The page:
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No, it's not some mystical force of the universe that restores balance, punishes evil-doers, and rewards the meek. Two examples of real Karma, one small, one bigger:
I live in a duplex. When i first moved in, my neighbors (who i hadn't even met) took out my trash can for me. Once i started to get it into my head that Tuesdays were garbage day, I'd put out my trash, and if it hadn't been done, I happily roll out my neighbor's trash can. Their Karma is being repaid.
A friend went through some financial troubles in college, and the financial aid office was able to award her a no-strings scholarship from an anonymous donor. She has always been thankful for that help, and (years later) has made generous grants to that same scholarship fund, even though she still has to watch her budget overall. The Karma flows (in this case, in reverse -- her giving a kind act coming after her receiving a kind act).
Thus: Karma is a real social/psychological reaction: If you go around willing to help people -- putting nickles in expired parking meters, helping friends move, and taking time to be friendly -- those people will be a bit nicer to others (if nothing else, less embittered), and are themselves more willing to help others. In turn, these people are your community; you're liable to run into them (or those they've influenced), and you end up with a healthy community.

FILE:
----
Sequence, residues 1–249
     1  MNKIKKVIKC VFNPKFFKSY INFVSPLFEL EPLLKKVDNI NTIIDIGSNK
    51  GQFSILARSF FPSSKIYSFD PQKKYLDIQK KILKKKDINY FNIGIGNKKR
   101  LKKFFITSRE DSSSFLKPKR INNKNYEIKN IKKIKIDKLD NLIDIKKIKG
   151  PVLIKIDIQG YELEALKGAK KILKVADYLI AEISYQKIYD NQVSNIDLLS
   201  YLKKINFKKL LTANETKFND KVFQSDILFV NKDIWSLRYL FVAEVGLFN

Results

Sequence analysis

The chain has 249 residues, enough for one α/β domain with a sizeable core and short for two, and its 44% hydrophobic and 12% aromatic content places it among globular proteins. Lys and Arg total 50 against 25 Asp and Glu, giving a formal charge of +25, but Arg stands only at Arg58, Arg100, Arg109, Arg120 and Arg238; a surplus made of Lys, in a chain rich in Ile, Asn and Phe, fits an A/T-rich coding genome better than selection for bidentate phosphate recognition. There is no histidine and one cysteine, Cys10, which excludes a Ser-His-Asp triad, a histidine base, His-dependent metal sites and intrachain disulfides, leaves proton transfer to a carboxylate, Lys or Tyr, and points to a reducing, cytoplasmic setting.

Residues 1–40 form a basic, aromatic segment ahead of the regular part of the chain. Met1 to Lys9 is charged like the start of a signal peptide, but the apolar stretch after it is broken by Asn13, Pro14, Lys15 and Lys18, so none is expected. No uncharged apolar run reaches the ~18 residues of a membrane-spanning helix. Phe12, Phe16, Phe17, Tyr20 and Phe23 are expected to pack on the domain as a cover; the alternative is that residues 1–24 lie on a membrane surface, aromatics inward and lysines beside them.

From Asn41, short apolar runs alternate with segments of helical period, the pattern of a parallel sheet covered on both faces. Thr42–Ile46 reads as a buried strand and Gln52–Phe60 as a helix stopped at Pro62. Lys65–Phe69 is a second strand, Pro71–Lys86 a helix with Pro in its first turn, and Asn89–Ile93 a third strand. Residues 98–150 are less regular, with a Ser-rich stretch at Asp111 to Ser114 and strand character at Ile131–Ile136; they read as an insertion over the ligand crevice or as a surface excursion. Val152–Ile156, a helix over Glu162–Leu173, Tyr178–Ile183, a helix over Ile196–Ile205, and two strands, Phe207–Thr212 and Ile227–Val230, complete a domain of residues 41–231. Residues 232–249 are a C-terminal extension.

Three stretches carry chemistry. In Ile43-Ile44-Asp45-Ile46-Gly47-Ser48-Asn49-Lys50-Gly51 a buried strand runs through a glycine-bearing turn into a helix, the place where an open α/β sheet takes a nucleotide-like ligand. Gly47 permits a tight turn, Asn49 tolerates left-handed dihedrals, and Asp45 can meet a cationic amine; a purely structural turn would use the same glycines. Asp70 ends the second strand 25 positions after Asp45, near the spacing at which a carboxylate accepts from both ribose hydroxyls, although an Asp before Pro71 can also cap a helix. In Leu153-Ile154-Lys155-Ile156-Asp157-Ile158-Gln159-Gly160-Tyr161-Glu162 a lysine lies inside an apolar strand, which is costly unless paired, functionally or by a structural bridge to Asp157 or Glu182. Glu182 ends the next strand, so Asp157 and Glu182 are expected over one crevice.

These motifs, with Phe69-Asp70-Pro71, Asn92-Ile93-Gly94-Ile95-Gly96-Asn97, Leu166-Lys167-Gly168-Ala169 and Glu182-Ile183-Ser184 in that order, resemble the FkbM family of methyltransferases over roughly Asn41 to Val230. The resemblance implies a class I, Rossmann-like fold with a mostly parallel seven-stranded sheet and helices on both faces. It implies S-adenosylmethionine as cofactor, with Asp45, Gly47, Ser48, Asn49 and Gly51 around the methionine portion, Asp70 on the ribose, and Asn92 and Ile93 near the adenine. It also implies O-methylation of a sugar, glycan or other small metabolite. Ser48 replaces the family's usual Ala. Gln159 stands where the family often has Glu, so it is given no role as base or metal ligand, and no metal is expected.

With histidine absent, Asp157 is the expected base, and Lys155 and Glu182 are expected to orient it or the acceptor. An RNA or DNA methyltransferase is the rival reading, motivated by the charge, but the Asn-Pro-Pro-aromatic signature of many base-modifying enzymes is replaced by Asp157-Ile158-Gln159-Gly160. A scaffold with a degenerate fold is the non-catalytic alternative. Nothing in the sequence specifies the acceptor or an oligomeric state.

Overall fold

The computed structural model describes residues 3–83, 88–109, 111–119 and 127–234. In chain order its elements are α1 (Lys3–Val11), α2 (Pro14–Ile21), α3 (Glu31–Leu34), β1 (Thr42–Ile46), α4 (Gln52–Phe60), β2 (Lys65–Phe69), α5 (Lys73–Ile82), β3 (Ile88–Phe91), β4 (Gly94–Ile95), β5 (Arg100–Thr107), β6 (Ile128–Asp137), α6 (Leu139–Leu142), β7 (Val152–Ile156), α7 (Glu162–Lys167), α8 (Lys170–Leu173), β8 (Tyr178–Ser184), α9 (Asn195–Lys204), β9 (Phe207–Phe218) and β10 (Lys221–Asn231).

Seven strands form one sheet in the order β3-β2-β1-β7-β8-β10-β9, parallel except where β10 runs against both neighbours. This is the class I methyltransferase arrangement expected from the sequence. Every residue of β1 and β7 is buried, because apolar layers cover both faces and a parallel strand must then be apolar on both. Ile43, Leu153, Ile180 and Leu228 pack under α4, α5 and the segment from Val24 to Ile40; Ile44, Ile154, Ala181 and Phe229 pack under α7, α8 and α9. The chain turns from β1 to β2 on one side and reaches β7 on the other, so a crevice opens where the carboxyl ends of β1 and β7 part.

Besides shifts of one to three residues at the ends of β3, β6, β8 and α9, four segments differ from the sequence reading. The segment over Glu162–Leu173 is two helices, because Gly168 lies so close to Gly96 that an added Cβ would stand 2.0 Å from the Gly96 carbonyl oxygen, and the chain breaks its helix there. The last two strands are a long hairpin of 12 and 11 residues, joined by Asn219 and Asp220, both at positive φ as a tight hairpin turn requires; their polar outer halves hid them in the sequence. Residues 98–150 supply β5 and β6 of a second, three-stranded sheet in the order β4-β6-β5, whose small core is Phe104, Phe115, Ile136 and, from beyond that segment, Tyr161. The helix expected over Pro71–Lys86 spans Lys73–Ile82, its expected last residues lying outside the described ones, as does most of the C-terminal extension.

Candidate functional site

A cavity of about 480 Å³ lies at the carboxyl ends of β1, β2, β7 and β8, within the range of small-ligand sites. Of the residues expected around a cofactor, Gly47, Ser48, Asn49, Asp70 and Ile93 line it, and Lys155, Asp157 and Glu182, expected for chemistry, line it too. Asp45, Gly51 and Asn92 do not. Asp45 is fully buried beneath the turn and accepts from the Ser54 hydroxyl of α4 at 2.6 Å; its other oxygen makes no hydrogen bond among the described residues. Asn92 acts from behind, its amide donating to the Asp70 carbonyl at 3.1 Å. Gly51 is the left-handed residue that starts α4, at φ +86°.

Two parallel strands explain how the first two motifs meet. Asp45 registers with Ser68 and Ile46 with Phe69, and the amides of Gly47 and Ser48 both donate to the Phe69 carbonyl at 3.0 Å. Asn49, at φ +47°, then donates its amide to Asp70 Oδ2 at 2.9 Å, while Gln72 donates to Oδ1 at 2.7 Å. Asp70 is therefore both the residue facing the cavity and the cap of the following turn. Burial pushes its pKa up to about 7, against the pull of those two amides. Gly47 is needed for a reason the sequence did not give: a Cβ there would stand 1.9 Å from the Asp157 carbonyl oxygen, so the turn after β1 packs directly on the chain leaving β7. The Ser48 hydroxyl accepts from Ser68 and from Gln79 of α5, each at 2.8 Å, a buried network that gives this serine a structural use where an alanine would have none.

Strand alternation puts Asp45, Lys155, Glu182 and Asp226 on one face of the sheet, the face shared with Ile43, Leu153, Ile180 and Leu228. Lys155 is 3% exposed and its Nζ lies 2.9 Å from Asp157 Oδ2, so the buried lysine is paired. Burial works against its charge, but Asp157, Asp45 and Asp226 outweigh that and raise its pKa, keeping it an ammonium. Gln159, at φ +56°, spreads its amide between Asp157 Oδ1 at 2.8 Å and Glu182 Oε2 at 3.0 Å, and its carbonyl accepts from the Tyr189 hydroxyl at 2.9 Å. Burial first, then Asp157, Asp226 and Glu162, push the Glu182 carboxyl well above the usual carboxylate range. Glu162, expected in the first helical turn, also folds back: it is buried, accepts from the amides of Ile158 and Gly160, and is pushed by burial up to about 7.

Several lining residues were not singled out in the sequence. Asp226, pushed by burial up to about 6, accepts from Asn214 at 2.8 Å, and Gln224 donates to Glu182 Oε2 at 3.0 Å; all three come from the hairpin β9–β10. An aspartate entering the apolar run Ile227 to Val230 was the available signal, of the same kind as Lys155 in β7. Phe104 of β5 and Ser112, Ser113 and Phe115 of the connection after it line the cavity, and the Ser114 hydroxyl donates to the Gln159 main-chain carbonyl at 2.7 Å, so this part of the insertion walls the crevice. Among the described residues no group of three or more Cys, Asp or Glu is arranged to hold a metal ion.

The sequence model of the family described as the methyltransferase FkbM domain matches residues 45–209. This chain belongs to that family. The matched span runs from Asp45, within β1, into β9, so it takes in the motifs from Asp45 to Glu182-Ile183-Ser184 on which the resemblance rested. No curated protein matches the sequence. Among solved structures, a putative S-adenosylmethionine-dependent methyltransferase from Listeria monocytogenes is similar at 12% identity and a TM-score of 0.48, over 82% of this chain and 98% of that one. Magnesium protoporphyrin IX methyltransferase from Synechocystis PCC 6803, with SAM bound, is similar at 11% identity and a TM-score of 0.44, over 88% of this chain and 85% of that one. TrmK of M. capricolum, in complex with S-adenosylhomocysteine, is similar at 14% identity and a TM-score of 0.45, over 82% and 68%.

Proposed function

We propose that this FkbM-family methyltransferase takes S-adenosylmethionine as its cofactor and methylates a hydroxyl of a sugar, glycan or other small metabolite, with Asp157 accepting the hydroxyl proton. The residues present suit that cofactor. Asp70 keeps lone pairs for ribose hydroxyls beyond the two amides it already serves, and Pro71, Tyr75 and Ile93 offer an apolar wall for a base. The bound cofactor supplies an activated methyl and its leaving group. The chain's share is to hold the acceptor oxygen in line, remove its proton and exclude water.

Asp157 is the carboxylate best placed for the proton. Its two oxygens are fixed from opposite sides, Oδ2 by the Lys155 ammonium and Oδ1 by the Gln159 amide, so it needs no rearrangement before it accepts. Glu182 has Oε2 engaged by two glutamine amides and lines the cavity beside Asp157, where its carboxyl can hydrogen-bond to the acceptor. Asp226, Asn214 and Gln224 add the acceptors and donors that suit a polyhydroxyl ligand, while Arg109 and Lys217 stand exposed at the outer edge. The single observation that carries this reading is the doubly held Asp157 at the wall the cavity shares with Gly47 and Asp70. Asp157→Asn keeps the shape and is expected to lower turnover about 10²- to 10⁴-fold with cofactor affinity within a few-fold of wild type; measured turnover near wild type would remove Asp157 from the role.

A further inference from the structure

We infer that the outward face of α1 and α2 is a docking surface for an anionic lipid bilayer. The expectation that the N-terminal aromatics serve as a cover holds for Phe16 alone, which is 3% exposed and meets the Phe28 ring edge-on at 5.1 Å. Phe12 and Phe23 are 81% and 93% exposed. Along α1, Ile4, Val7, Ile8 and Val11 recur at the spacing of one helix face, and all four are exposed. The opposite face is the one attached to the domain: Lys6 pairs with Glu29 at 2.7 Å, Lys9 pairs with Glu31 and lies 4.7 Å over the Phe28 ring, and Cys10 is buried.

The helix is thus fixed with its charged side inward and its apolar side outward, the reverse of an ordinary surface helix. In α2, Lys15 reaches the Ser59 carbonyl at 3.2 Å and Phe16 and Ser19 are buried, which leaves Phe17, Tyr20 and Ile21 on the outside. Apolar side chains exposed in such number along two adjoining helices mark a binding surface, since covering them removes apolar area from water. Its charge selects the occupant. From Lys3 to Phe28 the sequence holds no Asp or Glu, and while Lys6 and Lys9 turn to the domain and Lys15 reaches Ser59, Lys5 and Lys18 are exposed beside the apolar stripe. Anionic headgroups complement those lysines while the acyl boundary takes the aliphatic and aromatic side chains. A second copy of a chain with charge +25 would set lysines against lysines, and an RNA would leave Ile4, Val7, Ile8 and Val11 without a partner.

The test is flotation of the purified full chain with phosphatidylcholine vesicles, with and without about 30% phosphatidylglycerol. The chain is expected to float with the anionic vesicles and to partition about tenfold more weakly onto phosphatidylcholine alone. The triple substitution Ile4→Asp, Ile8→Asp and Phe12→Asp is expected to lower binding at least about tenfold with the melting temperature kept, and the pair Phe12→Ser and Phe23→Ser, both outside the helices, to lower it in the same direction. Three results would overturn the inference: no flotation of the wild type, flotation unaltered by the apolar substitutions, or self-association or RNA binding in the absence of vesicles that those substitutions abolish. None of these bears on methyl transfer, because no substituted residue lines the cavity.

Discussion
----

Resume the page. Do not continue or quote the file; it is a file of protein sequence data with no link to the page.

Of course, there is negative karma as well: times when i've needed help and been turned down or ridiculed, makes me less willing to help others. Actually, sometimes just the perception that people won't help me makes me less inclined to stick my neck out for anybody else. Thus, the difficult part of karma is that it needs a small amount of energy to keep going: If I take the initiaitive to be kind in small ways, without expectation of returned favors, only then do I help karma flow around my community, returning to me unexpectedly.[an error occurred while processing this directive]